Genetic Testing for Hereditary Hemochromatosis
Confirming Your Diagnosis
Hereditary hemochromatosis is caused by changes (mutations) to the HFE gene associated with hemochromatosis. The HFE gene is responsible for regulating the amount of iron that is absorbed into the body from the food that we eat. The HFE gene has three known mutations which cause hemochromatosis, namely the C282Y mutation, the H63D mutation and the S65C mutation. The C282Y mutation is the one most commonly found in individuals with hemochromatosis.
Genetic testing (sometimes referred to as DNA testing) for hereditary hemochromatosis examines the HFE gene for mutations that cause the gene to become defective. HFE genetic testing confirms the diagnosis of HFE hemochromatosis in individuals with clinical symptoms consistent with hemochromatosis and/or biochemical evidence of iron overload. Here are some basic facts about HFE genetic testing and what to expect from a genetic test result:
- HFE genetic testing can be performed on either blood or buccal (mouth) swab samples.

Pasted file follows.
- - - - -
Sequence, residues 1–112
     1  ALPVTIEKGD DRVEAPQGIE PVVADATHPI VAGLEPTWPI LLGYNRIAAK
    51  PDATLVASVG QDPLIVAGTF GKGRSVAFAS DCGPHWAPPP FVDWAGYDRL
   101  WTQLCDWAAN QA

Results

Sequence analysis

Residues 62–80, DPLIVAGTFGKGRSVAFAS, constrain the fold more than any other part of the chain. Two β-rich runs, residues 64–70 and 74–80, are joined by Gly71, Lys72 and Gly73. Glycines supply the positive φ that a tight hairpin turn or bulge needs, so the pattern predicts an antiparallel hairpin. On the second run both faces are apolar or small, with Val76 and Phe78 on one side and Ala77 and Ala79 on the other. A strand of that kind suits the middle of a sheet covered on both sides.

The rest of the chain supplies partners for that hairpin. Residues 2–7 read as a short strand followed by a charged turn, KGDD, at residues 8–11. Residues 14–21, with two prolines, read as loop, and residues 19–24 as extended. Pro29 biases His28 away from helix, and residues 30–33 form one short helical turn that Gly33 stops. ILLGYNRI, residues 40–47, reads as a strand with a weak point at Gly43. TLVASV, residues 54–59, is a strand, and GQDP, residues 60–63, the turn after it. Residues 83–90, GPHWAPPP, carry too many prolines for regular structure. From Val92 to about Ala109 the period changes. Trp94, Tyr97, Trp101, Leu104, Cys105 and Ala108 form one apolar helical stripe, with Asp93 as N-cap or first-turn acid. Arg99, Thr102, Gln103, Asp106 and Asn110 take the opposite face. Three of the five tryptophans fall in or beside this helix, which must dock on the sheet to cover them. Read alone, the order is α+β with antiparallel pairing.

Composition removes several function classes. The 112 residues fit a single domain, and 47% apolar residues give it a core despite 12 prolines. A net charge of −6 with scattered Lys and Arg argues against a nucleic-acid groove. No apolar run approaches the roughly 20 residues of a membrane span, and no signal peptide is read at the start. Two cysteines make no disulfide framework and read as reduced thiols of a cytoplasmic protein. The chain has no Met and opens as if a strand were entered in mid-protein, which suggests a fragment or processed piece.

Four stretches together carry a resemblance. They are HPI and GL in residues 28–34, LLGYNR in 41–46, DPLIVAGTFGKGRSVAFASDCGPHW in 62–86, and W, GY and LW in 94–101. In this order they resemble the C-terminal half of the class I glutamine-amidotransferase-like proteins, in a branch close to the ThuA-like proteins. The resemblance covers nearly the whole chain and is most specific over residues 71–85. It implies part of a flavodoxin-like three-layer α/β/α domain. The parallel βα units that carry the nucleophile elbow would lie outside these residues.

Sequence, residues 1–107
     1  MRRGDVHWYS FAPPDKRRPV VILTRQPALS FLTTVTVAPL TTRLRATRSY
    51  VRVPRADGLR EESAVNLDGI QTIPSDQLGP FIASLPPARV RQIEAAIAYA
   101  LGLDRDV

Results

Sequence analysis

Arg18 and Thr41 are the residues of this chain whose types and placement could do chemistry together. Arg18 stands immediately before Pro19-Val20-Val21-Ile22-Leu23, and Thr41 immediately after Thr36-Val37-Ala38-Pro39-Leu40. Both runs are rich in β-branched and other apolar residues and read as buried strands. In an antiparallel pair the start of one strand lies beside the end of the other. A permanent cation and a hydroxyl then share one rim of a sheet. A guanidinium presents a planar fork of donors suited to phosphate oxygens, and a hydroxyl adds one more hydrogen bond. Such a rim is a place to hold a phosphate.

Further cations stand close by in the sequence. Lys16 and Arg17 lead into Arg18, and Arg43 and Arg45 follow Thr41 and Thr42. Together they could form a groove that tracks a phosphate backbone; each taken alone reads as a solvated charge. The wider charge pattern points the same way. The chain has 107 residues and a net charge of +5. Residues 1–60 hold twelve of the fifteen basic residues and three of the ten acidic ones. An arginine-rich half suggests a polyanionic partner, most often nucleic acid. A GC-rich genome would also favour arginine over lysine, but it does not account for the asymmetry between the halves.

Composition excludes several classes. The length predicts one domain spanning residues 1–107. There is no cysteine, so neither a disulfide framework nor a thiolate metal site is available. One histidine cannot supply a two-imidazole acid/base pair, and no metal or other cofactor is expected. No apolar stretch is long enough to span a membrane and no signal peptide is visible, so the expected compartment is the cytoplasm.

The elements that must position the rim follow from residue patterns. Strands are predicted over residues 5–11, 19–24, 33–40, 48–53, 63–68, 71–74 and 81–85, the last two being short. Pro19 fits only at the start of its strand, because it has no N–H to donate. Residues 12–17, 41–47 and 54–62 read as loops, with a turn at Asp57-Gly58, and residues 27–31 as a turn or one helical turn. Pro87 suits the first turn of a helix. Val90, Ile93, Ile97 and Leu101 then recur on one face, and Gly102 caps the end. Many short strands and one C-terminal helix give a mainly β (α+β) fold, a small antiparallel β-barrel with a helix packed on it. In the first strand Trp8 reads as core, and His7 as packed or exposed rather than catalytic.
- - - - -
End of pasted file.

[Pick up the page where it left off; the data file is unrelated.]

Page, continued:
- Results from DNA testing for the mutations associated with hereditary hemochromatosis will give you an indication of your risk for iron overload and will also provide information about the statistical probability of your children inheriting the risk (see Genetic Inheritance).
- The absence of mutations associated with hemochromatosis nearly excludes the possibility of hereditary hemochromatosis (excellent negative predictive value).*
- The penetrance (the likelihood that you will develop clinical iron overload) of the HFE mutations is not 100%. That means that if you test positive for two copies of the defective gene, you are at an increased risk of over-absorbing dietary iron, but it does not mean that you will definitely develop iron overload.
- The type and number of HFE mutations affects your risk of developing hemochromatosis. For example, an individual with two copies of the C282Y mutation is at more risk for developing hemochromatosis than an individual with only one copy of C282Y and one copy of H63D or S65C.
- Hemochromatosis is the most common genetic disorder in individuals of Celtic and Northern European ancestry. 1 in 9 Canadians are carriers of at least one of the HFE gene mutations associated with hereditary hemochromatosis.
- About 87% of individuals of Celtic and Northern European origin who are clinically affected by hereditary hemochromatosis are either homozygotes for the C282Y mutation or compound heterozygotes for the C282Y and H63D mutations.
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*A small percentage of clinical cases may be caused by yet unidentified mutations in the HFE gene or another gene, which cannot be ruled out by HFE analysis of C282Y, H63D and S65C.